I’m finding out that not having a “goal” per se affords a entirely different riding experience. The old adage, “If you don’t know where you’re going any road will get you there,” definitely holds true for bike touring – in the most positive sense possible. North Americans are so goal driven (including me!). If we’re not heading towards something big, we’re wasting time. Not so in Argentina. Here, in Latin America, there is value in discovery, slowing down, conversation, relaxing, and just letting things unfold without a plan. While noble on the surface, these concepts are hard to embrace and adapt to (can you guys just bust a move for f#*k sake and get on with the plan). Fortunately, after about six months, I think I’m starting to understand the beauty in this other way of being. By letting go of a fixed outcome, I’m allowing other experiences in that I would have missed before. Who’d thunk!
To continue with a chronology of my ride…
I’m continuing up the Atlantic coast of Argentina. Long-ass distances all the way. For example, from my jumping off point in Puerto Madryn, I rode 88 miles to the first one-horse town and then another 75miles the second day to my destination of Las Grutas. And, I was lucky there was a tiny hamlet in between. Often times it’s just continuous pampas and you pitch your tent under the stars (hoping there are stars that night) or, in a best case scenario, you find an abandoned house or structure with a roof to protect you against the elements. I have to say that I really enjoy these long rides and the nights in between. Although, contradictory, I often sleep like crap in my tent (was that a person, a bird, or big-foot I just heard about five inches away from my head?).
Las Grutas is a summer beach-resort hangout. I’m now biking in the Southern Hemisphere’s fall which equals… NO ONE HERE. Love it! My French friend, Matteo, texted me to tell me he had a hostel all to himself. We were literally alone in this huge hostel for three days. This means a take-over of the kitchen, my own room in which to freely run around butt- naked, and my own bathroom to wash my dirty clothes. To a biker who is always sharing space, or simply has no space, this is freaking paradise!
From Las Grutas, Matteo and I rode two days together up the coast to Viedma, again, two long riding days stopping in the middle of nowhere to pass the night. This time in an old abandoned farm house (honestly, I don’t do this often by myself. My imagination is extremely vivid. To much Twlight Zone when I was a kid!).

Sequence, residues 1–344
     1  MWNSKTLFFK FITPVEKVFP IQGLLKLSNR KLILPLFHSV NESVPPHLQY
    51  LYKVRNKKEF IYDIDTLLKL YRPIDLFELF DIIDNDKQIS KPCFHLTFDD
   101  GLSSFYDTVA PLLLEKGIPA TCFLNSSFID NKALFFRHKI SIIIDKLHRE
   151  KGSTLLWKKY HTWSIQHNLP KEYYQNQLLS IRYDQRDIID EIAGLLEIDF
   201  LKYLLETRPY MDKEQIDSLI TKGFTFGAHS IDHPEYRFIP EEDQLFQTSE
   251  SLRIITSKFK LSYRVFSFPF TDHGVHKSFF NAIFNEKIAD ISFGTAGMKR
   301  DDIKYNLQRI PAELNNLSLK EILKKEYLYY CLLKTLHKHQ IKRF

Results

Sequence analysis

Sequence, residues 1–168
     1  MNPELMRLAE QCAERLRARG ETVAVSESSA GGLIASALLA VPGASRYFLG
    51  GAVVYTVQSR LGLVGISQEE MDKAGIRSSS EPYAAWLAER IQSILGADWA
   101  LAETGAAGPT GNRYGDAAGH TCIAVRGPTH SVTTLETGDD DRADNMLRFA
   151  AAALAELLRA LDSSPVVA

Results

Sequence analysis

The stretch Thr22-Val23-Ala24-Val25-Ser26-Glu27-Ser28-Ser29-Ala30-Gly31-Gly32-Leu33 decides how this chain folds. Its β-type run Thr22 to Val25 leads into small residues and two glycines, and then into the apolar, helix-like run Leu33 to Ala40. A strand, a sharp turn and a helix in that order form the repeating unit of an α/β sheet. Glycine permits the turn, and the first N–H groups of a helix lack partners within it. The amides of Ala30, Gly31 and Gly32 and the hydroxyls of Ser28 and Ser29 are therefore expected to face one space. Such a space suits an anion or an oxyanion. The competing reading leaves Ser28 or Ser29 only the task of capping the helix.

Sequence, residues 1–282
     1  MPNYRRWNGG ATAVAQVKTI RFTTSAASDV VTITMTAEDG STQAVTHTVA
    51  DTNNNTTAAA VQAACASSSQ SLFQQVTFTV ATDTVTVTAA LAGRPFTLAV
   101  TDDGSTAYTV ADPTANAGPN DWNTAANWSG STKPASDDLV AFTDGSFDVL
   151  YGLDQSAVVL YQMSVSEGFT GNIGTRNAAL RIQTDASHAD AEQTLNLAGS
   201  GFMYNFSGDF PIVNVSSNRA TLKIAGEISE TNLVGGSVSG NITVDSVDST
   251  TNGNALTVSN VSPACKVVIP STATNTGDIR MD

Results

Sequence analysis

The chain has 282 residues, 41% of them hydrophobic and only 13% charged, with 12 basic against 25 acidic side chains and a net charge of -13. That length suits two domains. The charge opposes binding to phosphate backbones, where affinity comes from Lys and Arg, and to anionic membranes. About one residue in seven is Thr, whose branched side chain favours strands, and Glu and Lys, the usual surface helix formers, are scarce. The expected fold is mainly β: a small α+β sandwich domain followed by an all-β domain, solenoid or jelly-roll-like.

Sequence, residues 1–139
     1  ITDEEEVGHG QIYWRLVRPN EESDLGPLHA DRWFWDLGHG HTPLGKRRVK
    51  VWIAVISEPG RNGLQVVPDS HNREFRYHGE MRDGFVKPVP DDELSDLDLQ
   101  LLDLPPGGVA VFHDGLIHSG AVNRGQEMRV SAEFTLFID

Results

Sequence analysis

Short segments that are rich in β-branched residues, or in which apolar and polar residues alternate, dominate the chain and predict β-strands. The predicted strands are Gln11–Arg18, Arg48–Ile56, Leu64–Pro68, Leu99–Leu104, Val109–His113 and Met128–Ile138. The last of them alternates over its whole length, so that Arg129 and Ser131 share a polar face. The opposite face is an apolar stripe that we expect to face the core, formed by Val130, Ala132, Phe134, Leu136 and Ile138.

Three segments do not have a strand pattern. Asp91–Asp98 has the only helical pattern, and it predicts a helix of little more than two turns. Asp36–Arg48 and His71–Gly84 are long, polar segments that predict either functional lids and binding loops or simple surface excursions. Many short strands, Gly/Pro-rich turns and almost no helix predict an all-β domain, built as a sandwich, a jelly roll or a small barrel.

Viedma is a town on the boarder between Buenos Aires Province and Rio Negro Province. The river Rio Negro divides the two provinces. I was excited to see that people were really active in and around the river. Most of the time, people in these parts work on their farms and extra-curriculum exercise is not part of their lives, but these are city folk and; therefore, different rules apply. Although Viedma has its charm, the hostel couldn’t compete with Las Grutas, so we only stayed a night and took off the next morning for Bahia Blanca.
From Bahia Blanca (the biggest city I’ve been in since Mendoza about three months ago), Matteo and I part ways once again. He went on to follow the coast line to Buenos Aires, and I headed up to the hill country.
Tornquist, Villa Ventana and Sierra de la Ventana are towns in the Sierras of Buenos Aires Province. Tornquist is a town establish by the son of a German immigrant in the early 1800’s. This fellow bought up a lot of the land in this region and built his farm or Estancia which included the highest “hill” in the province, Cerro de Tres Picos. I wanted to hike to the top of this hill (cerro) but was getting all kinds of conflicting information on how to do this, so I decided to take matters into my own hands and just ride out to the estancia and ask first hand. Bueno, that didn’t really work either! On Tuesday morning, after a 15k ride on some of the worst “ripio” (gravel/washboard) to date, I was told that I could only hike the Mt. from Thus – Sun. and that I couldn’t stay at the Estancia or pitch my tent on their grounds because I wasn’t German and I didn’t make my reservation from Buenos Aires…really? Apparently, old rules die hard in this neck of the woods. The German vacationers at the estancia offered to pay for me and find me space, but, alas, burocracy trumps spontaneity, so I headed back to Tornquist to regroup.
On Wednesday morning, the receptionist at the hotel I stayed in called the radio station to alert them to the fact that there was an outsider in their midst. Ten minutes later, I found myself being interviewed live on the local station. Let’s just say that my life will never be the same! Suddenly, I have a faint idea of what it feels like to be “famous!” Seriously, the rest of the day I was pulled over on the side of the road to talk, people messaged me on FB, a young boy ran to get his dad when he saw me coming and a couple invited me to coffee. It was exhausting! Whew, I’m glad that day is over!
Now, after a good rest, fresh air, and beautiful scenery, I’m ready to put my head down and go forth into the huge metropolis of Buenos Aires where threats of thieves, thick traffic and polluted air wait to suck me up and spit me out. And the adventure continues…
Note: If anyone can help me post photos and the interview here on this blog post from my email, I would be eternally grateful! If I knew a teenager, my problems would be solved in a Nano-second.